There is no way to explain the sheer clusterfuck that is the UK market at the moment because some Tory supporter will immediately deny it.
        This is… ahem.. “not good”.

          • Very much
            Bond markets like Dull Boring and Predictable – KamiKwasi did not communicate well, and they hate being asked to fund regressive tax cuts with long-term borrowing. It is not sustainable.

        • Re the Pension guys and margin calls – wasn’t this a ticking bomb waiting to explode? They’re attempting to match liabilities to reduce one set of risks by adding more, potentially unmanageable, risks via swaps and derivatives. No doubt their risk management systems deemed them square and matched. Not sure whose watch this falls under but it’s a pretty big failing.

          • Not really – its a bit of a technical issues.
            Pension funds do the right thing by hedging their liabilities so that as markets shift they don’t suffer catastrophic shifts in what they can pay out – so they match liabilities – liability driven investment.
            But when you get a sudden unexpected shock, the underlying hedges trigger missmatches. As the price of gilts tumbles, it leaves a risk to be covered by a margin call.. which will be matched by a gain on the other side of being able to meet the liability. But that risk premium needs to be coverered, by selling assets.
            In a sudden crisis you can only sell what you can sell – which is the good most liquid assets. In other words to cover losses caused by volatile gilts, they have to sell gilts, making gilts even worse. Doh.
            This all happened as a consequence of the market being shocked by something unexpected. No one thought the government would fund short tax-cuts with long-term borrowing… and with such clear deaf regressive policies.
            It crushed confidence in our virtuous sovereign trinity – that a competent goverment would keep the currency stable and the bond market sustainable. THe gilts market wants dull boring predictable – they were suprised by the not-a-budget was tone deaf and shocking mis-communicated.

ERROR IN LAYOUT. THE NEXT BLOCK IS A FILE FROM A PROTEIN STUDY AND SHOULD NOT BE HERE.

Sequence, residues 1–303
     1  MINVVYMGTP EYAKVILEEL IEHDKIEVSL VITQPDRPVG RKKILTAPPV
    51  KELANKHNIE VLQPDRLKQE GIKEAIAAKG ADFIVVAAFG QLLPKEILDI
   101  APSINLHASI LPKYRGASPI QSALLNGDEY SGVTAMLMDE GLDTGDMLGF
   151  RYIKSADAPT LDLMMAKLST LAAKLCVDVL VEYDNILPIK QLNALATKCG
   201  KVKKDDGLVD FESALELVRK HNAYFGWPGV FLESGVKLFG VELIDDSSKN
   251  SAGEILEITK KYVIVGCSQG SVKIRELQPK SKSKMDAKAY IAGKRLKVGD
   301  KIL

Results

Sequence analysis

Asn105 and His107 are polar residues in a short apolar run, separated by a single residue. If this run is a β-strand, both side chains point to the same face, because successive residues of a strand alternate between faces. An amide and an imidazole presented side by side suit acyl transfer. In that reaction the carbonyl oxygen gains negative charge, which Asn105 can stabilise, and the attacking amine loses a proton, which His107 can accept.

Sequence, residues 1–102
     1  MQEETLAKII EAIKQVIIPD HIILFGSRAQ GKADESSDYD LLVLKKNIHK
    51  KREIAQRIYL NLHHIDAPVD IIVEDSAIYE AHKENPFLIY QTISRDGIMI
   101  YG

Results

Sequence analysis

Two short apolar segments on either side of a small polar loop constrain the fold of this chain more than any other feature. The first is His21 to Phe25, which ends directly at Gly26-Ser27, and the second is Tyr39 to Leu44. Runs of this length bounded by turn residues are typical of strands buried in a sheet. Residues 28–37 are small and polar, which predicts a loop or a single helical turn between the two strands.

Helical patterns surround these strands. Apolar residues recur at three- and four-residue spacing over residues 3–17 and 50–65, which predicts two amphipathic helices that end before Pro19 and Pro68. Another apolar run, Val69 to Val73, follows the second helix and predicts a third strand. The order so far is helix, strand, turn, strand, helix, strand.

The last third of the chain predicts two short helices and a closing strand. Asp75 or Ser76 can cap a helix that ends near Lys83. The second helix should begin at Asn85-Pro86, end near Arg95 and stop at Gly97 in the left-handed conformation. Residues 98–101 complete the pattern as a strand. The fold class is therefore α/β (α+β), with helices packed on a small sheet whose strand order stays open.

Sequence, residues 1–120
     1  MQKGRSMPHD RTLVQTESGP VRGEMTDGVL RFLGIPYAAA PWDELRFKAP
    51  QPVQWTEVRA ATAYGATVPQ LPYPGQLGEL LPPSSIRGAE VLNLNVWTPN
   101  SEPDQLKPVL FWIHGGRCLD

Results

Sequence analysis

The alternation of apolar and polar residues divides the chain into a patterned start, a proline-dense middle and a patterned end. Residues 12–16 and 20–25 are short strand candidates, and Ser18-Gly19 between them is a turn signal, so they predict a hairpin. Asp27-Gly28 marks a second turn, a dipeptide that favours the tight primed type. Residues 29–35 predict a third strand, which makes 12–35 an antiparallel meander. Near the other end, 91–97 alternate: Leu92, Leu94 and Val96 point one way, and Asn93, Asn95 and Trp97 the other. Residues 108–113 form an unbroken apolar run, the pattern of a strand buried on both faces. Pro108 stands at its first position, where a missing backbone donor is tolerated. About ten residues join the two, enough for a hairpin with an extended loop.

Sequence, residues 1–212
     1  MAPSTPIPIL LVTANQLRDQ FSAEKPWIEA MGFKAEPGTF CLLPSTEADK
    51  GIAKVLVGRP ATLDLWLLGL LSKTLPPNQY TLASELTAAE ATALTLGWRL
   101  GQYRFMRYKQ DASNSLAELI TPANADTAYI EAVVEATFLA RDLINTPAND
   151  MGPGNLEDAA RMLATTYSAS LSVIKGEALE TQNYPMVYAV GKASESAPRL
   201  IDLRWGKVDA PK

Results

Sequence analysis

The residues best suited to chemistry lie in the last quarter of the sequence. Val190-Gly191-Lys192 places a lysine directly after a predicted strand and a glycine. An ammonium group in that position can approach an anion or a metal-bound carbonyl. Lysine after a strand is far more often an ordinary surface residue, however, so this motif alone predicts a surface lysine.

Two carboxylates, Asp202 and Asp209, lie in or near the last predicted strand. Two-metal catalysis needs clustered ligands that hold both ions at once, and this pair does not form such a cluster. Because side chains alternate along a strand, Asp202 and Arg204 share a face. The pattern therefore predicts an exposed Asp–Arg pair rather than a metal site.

3. Some chap called Phil Sabin emailed me. I have no idea who he is, but some bloke by same name does something in Seattle.

    He wrote:
    You really are out of your depth aren’t you.
    Kwarteng got punished for daring to try to save the UK – when all the big powers want it to crash….without it looking like it’s their fault.
    Lets not mention the BofEtrash bonds they are sitting on with no way to get rid easily. Oh but a systemic crash would help.
    Next you’ll be telling me putin blew up Nordstream 1 and 2

    Ah.. the power of narrative..

  4. A very entertaining and horrifying read. My only edit would be Mr Kwarteng’s first name should read Kamikwasi.

  5. The only surprising thing about this crisis is that people are surprised by it. After decades in the market, you see the same old circles and abject surprise by those who weren’t around for the last cycle.
    Capricious printing of money never goes well in the long term. It is not the real assets (real estate or stocks) that have risen over the past decade, but the devaluation of a currency, (through increasing currency not backed by reality) which means you need more currency to purchase the same asset. (Which then looks like an asset price rise).
    Successive governments around the world have played this trick for the last decade, kicking the responsibility further down the road. It seems some governments just wish to keep “tar papering” over the problem, rather that dealing with the hard reality; that you can’t just keep printing money (borrowing by the government at high interest rates).
    England is a nice country, so I wish you well in your experiment in terror. Good Luck!